Safety

Fatigue in the Workplace

Fatigue is a potentially deadly problem that affects most Americans on the job. Construction is especially susceptible, according to the National Safety Council.
By Marla McIntyre
March 13, 2019
Topics
Safety

According to the National Safety Council, fatigue is a potentially deadly problem that affects most Americans on the job. It defines fatigue as “feelings of tiredness, sleepiness, reduced energy and increased effort needed to perform tasks at a desired level.”

To bring awareness to the problem, the National Safety Council released a three-part series of reports on fatigue:

  • Fatigue in the Workplace: Causes and Consequences of Employee Fatigue;
  • Fatigue in the Workplace: Risky Employer Practices; and
  • Fatigue in Safety-critical Industries: Impact, Risk and Recommendations.

Fatigue in the Workplace: Causes and Consequences of Employee Fatigue

The first report, Fatigue in the Workplace: Causes and Consequences of Employee Fatigue, cites causes of workplace fatigue. “Fatigue is cumulative and the result of inter-related factors. Sleep loss, time of day and time on tasks are three of the most common factors. In the workplace, fatigue can be causes by a myriad of factors, such as work schedules, environmental conditions and job demands.”

Consequences of workplace fatigue are:

  • reductions in cognitive performance, which causes decrease in vigilance, attention, memory, concentration and other cognitive factors;
  • microsleeps, small bursts of sleep often felt as head nods or drooping eyelids; and
  • increased safety risk of injuries.

Fatigue in the Workplace: Risky Employer Practices

The second report, Fatigue in the Workplace: Risky Employer Practices, includes data from the Employer Survey on Workplace Fatigue from 2017, which notes that sleep disorders are common but are frequently undiagnosed and untreated, resulting in missed work, lower productivity, increased health care costs, injuries and vehicle crashes. The report notes that an employer with 1,000 employees can expect to lose more than $1 million each year to fatigue.

NSC and Brigham and Women's Hospital developed the NSC Fatigue Cost Calculator, an online tool for estimating how much fatigue is costing their company. Users receive a tailored estimate of cost along with how much of the burden can be avoided by implementing programs in the workplace.

One way to establish a safety culture and reduce risk of fatigue are to ask:

  • Are workers tired? The report found that while 74 percent of employers believed only a minority of their workforce was at risk of fatigue, actually 80 percent of employees reported two or more risk factors of fatigue.
  • Is fatigue discussed in the workplace? A majority (73 percent) of employers do not talk about fatigue with employees, missing the opportunity to increase awareness of the safety and performance risks of fatigue.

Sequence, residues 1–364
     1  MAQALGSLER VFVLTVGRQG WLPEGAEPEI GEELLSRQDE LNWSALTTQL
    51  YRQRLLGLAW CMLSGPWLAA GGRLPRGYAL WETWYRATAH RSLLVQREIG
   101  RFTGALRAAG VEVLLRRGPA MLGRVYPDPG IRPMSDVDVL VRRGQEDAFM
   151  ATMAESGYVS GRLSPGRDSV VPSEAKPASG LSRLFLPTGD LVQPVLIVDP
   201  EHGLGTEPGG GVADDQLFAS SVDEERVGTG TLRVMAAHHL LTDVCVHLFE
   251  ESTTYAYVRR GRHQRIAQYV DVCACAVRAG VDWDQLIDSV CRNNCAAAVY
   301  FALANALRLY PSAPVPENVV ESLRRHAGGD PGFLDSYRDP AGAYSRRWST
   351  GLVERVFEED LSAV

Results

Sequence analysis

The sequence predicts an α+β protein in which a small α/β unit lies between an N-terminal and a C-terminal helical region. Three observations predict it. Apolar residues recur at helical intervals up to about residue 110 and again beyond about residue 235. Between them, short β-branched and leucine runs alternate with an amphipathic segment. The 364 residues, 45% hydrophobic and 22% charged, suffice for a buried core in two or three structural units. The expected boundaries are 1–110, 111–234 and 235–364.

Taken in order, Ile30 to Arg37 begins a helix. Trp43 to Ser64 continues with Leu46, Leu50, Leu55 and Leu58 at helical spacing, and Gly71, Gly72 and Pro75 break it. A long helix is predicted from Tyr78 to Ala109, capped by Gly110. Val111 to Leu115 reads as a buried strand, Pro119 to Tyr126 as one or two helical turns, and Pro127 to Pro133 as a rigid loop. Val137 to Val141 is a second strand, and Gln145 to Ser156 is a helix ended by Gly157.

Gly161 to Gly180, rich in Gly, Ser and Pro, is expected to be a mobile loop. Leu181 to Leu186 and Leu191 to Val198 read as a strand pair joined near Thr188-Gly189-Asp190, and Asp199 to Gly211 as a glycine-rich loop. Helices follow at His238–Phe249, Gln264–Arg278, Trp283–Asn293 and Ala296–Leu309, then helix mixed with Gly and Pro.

• Do employees feel comfortable reporting safety concerns due to fatigue? Only 27 percent of employers have a channel for employees to report being fatigued, thinking that employees would not be comfortable admitting they are too tired to perform their job safely.

The report recommends having an open dialog about fatigue as a workplace safety hazard, providing rest breaks and learning more about risk factors of fatigue and its risk factors.

Fatigue in Safety-critical Industries: Impact, Risk and Recommendations

Part III, Fatigue in Safety-critical Industries: Impact, Risk and Recommendations, offers more data from a 2017 employee/employer survey, which covered safety-critical industries including construction, manufacturing, transportation and utilities. The survey found that while 93 percent of all employers think fatigue is a safety issue, only 72 percent of employees agree.

Construction employees reported at least one risk factor for fatigue with 46 percent saying they worked during high risk hours and 77 percent saying they have demanding jobs.

“Safety-critical industries have higher risks because the impact of fatigue is more than just lower productivity. Safety incidents endanger not only the employees involved but all those around them. In addition, increased health care costs lawsuits, breach-of-contract issues and lost business are just a few of the significant financial costs of fatigue that organizations may experience,” according to the report.

The report suggests employers have an open dialogue about fatigue as a workplace safety hazard, include the topic in safety talks and have HR or health case representative discuss the importance of sleep health, how to sleep better and how to get screened for a sleep disorder.

“An effective and comprehensive safety management system should recognize and address fatigue as a potential hazard in the workplace. The best way to identify fatigue risk is to conduct an assessment and include fatigue factors in incident reporting. Identifying and addressing factors that cause fatigue allow employers to better control health and safety risks…Fatigue risk management systems include policies, practices, programs and procedures that incorporated fatigue management in to an existing safety management system,” the report concluded.

by Marla McIntyre

Marla McIntyre is a digital editor of CE This Week and ConstructionExec.com. She edited Construction Executive’s Tech Trends and Risk Management eNewsletters and is the author of more than 200 articles and publications, including Construction Executive’s annual technology predictions, Technology & Software Rundown column and an award-winning series for the Risk Management Association. Her extensive construction and risk management background includes stints as executive director the Surety Information Office and American Subcontractors Association of Metro Washington.



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